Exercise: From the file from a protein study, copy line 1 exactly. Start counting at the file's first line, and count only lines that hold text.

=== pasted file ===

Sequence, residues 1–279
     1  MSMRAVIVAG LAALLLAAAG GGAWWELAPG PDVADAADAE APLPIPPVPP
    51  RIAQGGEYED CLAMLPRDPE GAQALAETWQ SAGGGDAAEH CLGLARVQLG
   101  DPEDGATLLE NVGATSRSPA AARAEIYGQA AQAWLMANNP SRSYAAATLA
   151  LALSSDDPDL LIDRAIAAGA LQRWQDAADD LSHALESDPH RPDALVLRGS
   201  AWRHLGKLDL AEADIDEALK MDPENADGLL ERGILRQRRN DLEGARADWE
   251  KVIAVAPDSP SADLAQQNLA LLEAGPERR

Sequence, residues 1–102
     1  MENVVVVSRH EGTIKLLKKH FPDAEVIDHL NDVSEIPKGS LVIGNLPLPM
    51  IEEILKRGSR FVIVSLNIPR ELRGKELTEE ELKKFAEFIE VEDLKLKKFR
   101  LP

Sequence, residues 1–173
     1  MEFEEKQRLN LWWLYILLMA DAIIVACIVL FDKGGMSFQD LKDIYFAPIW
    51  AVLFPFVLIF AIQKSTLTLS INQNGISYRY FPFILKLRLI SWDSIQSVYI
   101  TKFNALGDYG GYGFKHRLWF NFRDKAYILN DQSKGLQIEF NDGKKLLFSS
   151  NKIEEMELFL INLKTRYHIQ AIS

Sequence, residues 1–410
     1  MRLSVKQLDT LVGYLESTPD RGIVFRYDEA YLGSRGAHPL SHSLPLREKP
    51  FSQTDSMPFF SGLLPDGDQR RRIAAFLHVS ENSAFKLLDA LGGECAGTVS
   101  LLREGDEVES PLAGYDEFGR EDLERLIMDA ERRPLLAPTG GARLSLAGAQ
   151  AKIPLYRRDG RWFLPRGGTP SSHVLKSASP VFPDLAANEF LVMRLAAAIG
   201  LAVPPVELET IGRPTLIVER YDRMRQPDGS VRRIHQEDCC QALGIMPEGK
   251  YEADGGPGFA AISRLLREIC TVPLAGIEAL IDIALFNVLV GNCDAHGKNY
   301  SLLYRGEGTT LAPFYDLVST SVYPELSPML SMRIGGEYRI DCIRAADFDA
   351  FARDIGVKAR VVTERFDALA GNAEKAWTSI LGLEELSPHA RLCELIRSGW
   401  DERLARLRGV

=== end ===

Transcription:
Sequence, residues 1–279